Radiotherapy

More than a decade ago, radiation oncologists noticed a nifty phenomenon: Sometimes radiation used locally against a tumor could excite the immune system to attack cancer systemically throughout the body. It was as if the use of radiation had somehow awoken the immune system to the presence of cancer. Since then, a massive effort has been underway to harness this effect, hoping to create this systemic anti-cancer activity with combinations of radiotherapy and immunotherapy.

Combinations with radiotherapy

Unfortunately, “We’ve tried numerous combinations with radiotherapy – triple therapy, different targeted strategies – and still we cannot eradicate the tumors,” says Sana Karam, MD, PhD, investigator at CU Cancer Center and assistant professor of Radiation Oncology at the CU School of Medicine.

What is driving this resistance to radiotherapy In a new study published in the Journal of the National Cancer Institute, Karam and colleagues show that it may be a special kind of immune cell called T-regulatory or Treg cells. Just as the body has mechanisms to turn on the immune system, it also has ways to turn it off, and Tregs are one of these ways, functioning like an ‘off’ switch that keeps the immune system from running rampant through healthy tissues.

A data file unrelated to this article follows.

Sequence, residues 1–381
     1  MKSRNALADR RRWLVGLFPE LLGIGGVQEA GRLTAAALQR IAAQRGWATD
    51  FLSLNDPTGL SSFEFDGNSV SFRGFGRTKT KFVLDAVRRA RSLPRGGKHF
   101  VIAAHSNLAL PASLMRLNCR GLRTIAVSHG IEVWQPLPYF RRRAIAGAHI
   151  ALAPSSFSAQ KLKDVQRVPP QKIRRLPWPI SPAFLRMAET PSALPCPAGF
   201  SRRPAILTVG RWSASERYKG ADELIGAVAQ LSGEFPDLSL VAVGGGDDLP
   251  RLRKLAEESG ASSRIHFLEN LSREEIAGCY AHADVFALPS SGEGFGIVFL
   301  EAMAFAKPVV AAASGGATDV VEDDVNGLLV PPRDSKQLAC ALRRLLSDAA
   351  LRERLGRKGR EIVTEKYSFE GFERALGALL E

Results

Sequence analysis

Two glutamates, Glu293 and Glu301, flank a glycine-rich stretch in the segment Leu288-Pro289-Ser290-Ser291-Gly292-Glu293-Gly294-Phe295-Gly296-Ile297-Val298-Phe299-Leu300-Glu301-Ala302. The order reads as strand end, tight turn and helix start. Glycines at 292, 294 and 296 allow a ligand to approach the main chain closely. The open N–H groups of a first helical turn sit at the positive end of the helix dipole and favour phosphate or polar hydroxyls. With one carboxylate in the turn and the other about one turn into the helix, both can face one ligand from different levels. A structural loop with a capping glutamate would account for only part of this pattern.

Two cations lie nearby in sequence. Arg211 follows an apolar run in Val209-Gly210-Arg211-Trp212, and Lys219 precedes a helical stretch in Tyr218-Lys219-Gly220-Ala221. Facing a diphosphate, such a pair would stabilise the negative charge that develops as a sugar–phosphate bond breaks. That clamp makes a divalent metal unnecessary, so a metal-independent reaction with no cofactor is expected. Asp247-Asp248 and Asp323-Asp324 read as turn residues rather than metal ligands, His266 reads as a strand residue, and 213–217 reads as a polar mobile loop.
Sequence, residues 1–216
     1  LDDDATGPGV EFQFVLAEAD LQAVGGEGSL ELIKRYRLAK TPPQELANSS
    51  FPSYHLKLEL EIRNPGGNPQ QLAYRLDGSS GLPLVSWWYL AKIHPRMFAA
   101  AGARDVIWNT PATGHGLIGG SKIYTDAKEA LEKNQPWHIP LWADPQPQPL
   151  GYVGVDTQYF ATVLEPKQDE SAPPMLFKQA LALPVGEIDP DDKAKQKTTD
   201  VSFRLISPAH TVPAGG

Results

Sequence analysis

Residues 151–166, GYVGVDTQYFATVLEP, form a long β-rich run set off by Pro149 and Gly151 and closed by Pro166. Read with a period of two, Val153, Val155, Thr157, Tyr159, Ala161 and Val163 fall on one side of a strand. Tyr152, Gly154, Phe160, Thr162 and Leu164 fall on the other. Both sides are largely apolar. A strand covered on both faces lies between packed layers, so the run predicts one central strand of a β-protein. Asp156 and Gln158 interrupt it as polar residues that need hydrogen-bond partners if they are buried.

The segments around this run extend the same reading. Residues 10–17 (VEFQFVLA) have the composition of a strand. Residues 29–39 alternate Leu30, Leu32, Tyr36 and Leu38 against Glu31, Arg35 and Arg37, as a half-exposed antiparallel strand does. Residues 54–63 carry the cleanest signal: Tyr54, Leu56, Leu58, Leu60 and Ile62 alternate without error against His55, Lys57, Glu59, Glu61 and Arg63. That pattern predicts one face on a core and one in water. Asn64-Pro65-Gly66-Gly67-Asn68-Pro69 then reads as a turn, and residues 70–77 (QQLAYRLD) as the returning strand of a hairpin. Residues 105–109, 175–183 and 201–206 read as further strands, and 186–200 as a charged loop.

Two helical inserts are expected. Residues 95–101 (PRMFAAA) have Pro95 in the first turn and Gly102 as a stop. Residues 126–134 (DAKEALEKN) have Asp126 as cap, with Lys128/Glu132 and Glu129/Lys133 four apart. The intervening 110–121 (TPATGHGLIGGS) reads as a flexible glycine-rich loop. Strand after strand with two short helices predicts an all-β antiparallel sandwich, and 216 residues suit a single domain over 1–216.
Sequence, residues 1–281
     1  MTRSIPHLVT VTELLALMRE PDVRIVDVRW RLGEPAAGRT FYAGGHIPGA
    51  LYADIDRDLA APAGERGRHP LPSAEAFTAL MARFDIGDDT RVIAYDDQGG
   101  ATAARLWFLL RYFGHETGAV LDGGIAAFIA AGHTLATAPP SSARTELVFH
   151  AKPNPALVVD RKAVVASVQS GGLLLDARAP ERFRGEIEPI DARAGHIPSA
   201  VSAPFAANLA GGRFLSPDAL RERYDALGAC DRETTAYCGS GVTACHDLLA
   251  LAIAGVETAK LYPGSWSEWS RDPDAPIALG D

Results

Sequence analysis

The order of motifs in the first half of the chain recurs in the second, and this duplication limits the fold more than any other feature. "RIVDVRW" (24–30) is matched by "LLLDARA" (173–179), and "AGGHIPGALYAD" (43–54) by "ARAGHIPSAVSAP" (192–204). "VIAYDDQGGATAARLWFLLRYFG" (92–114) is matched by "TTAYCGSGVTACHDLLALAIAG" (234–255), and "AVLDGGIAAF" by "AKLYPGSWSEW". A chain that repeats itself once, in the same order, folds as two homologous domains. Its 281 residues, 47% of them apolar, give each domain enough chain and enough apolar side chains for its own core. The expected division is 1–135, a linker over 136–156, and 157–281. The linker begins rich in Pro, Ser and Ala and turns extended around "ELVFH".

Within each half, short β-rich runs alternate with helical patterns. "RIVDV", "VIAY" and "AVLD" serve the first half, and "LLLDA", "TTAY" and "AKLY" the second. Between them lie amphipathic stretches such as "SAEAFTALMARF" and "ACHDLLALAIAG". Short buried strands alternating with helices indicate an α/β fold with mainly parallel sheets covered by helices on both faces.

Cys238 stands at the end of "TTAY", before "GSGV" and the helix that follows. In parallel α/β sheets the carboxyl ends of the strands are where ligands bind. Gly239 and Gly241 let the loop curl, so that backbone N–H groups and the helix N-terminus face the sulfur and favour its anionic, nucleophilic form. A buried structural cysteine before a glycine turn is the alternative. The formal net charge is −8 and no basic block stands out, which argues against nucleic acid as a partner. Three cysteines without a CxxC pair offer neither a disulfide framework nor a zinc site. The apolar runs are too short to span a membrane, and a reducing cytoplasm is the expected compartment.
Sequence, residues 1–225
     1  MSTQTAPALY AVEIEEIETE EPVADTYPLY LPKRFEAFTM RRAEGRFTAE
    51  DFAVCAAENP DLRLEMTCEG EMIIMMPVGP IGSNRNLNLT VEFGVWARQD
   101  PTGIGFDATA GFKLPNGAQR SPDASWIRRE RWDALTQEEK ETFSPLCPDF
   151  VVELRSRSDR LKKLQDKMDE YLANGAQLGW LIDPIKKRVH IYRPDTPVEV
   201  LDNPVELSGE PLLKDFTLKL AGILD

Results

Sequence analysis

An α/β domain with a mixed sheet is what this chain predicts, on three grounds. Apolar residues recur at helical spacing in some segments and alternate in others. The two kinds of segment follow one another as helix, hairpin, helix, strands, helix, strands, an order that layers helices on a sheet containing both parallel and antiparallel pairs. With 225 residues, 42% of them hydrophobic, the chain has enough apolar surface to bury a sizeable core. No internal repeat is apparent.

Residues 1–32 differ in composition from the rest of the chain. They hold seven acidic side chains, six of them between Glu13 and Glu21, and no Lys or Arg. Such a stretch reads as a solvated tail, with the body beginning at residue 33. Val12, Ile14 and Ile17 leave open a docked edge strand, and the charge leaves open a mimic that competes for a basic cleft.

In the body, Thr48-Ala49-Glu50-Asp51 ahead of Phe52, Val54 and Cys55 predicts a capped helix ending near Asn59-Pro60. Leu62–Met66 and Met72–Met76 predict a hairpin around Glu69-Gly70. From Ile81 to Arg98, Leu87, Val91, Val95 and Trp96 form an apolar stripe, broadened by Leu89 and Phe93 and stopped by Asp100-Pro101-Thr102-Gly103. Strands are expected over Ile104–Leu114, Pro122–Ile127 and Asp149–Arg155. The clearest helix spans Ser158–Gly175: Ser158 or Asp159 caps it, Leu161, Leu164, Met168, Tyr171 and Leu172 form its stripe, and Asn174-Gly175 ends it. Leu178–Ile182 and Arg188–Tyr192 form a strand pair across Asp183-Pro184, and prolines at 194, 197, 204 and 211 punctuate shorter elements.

Immunosuppressant cells

“Tregs are immunosuppressant cells that put the brakes on the effector t cells. But Tregs also stop T cells from doing their job of killing the cancer cell,” Karam says. In this study, with first author Ayman Oweida, PhD; radiation alone or Treg depletion alone wasn’t enough to kill head and neck cancer models grown in mice, but together these two strategies resulted in potent tumor reduction. The strategy makes sense: Radiation turned on the immune system; and the depletion of Tregs ensured that cancer was not able to turn it off.

“If you go at it just by taking away Tregs, there are no effector T cells. You need something to inflame the environment, something to excite T effector cells; and in this case that was the role of radiation;” Karam says. Unfortunately, “We don’t have a good; safe agent that can eradicate Tregs safely in humans. The way we’re doing it is a good way to understand the biology, but it’s not a good strategy for patients;” Karam says.

Embryonic development

Which is where the second line of research comes in. See; independent of Karam’s work with radiation and Tregs is her work with a program active in early embryonic development that many cancers restart to drive their growth. Specifically; a “handshake” between EphB4 and ephrinB2 is essential for neurogenesis in the developing brain, but previous work has shown that EphB4 and/or ephrinB2 are upregulated in many cancers; including head and neck; and pancreatic cancers.
“EphB4 has been studied not just in cancer, but in a lot of diseases where the immune system is key. In cancer; we’ve shown that when you inhibit the interaction between EphB4 and ephrinB2; you get a reduction in tumor growth  and we’re opening a trial at CU Cancer Center with a drug that inhibits EphB4-ephrinB2 interaction. But we also wanted to know why inhibiting this interaction acts against tumors;” Karam says.